The US Federal Communications Commission (FCC) on Wednesday voted to revoke the authorisation for Pacific Networks and its wholly owned subsidiary ComNet to provide domestic telecommunications services in another blow to Chinese telecom stocks.
The 4-0 vote to revoke the authority that had been granted in 2001 is the latest move by the regulator to bar Chinese telecommunications carriers from the US, citing national security concerns.
The FCC said Pacific Networks and ComNet are indirectly and ultimately owned and controlled by the Chinese government.
Jeffrey J. Carlisle, an attorney at Lerman Senter in Washington, representing Pacific Networks, declined comment. In January, he told the FCC that Pacific Networks and ComNet are owned by CITIC Telecom International Holdings.
The FCC says the carriers are ultimately controlled by CITIC Group, a Chinese state-owned limited liability company.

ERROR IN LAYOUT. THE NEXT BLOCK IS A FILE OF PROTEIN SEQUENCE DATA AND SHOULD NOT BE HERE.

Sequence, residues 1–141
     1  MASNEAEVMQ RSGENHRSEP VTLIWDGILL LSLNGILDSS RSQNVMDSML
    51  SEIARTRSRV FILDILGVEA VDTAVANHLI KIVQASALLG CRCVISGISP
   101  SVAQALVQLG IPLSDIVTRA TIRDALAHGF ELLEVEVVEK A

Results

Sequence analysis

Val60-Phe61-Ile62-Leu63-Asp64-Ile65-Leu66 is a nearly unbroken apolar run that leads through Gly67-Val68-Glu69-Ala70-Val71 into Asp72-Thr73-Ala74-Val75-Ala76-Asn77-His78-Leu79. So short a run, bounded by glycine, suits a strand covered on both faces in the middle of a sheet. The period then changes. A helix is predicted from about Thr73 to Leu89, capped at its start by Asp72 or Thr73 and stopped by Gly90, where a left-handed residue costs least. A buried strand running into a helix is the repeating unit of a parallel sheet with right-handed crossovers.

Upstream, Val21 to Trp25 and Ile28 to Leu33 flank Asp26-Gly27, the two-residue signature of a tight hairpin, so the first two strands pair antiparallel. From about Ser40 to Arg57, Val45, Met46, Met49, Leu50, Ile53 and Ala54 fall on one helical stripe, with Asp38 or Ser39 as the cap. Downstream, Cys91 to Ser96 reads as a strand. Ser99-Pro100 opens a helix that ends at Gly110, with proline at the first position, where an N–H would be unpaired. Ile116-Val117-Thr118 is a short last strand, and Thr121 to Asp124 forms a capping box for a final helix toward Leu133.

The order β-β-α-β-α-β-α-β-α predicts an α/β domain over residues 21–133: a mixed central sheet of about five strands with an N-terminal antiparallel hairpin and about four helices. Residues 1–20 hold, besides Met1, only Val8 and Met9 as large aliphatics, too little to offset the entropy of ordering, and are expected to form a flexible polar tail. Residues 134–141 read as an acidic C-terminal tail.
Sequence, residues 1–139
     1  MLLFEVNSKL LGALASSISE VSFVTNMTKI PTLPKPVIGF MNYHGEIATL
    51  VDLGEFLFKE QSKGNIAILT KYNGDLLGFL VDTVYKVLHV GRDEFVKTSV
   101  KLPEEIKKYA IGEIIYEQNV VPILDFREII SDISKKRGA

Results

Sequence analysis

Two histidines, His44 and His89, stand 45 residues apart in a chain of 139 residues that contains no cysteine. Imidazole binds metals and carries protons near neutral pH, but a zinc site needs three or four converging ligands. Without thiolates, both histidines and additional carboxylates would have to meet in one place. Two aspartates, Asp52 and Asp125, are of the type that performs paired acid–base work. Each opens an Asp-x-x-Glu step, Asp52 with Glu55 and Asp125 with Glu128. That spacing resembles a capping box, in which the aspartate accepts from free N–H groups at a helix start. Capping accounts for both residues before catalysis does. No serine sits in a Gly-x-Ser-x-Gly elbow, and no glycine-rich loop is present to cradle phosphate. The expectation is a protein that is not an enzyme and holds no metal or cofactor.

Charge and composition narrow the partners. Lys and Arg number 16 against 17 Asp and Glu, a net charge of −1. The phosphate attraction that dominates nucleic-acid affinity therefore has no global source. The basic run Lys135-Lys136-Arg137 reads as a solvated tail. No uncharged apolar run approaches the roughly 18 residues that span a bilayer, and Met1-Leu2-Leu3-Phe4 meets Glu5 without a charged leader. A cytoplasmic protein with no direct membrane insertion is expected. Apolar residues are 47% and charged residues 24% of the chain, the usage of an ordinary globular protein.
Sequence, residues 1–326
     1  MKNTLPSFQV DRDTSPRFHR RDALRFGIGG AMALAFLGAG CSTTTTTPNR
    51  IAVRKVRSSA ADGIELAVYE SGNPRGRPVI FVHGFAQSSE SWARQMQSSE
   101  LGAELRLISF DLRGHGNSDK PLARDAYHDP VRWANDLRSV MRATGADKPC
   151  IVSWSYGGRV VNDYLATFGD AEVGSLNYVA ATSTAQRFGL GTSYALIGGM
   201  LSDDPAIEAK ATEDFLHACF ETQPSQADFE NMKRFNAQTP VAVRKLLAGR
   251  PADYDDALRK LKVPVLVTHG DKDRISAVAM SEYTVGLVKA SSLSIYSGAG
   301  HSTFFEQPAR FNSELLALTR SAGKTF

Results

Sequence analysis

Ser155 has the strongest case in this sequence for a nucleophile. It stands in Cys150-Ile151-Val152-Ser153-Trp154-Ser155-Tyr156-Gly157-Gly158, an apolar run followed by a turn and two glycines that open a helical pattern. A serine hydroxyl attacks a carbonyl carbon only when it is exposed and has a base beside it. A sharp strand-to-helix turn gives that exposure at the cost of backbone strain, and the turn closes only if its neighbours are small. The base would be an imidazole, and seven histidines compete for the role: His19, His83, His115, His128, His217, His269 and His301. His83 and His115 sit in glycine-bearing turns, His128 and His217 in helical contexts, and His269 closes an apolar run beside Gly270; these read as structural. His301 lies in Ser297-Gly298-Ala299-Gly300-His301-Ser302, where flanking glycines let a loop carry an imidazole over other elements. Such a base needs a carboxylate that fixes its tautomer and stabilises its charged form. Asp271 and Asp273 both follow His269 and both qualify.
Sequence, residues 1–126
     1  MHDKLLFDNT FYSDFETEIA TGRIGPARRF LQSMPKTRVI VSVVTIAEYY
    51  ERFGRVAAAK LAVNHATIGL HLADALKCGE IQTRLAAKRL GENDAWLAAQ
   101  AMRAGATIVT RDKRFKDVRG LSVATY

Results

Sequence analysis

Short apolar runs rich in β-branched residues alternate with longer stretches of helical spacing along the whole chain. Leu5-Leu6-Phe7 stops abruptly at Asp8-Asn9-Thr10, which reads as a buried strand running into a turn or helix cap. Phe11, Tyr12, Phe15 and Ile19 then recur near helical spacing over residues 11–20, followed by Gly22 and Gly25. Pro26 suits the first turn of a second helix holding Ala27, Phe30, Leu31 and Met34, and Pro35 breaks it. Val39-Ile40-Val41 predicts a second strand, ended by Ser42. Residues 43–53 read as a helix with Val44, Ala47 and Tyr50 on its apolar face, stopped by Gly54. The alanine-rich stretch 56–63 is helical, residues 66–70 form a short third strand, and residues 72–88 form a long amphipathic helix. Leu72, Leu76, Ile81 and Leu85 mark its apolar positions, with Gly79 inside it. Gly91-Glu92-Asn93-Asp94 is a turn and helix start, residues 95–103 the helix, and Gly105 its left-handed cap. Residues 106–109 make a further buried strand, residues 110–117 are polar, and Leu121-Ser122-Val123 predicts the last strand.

Beijing said it opposed the US crackdown on its telecom groups, the commerce ministry said on Thursday. Commerce ministry spokesman Gao Feng said China would take measures necessary to safeguard the legitimate rights of its companies.
Chinese Telecoms Under Fire
Carlisle’s letter said the carriers “engage in very limited and small scale facilities-based operations in the United States that do not pose national security concerns….The primary business of the companies is providing retail calling cards”.
The Chinese embassy in Washington did not immediately comment.
FCC commissioner Geoffrey Starks noted the three-year commission effort to address Chinese telecom carriers. “Taken as a whole, our actions have strengthened our national security,” he said.
In January, the FCC voted to revoke a similar authorisation for China Unicom’s US unit, citing national security concerns.
In October 2021, the FCC revoked the US authorisation for China Telecom (Americas), saying it “is subject to exploitation, influence and control by the Chinese government.” China Telecom failed to convince a US court to reverse the decision.
In 2019, the FCC rejected China Mobile’s bid to provide US telecommunications services, citing national security risks.
- Reuters, with additional editing by George Russell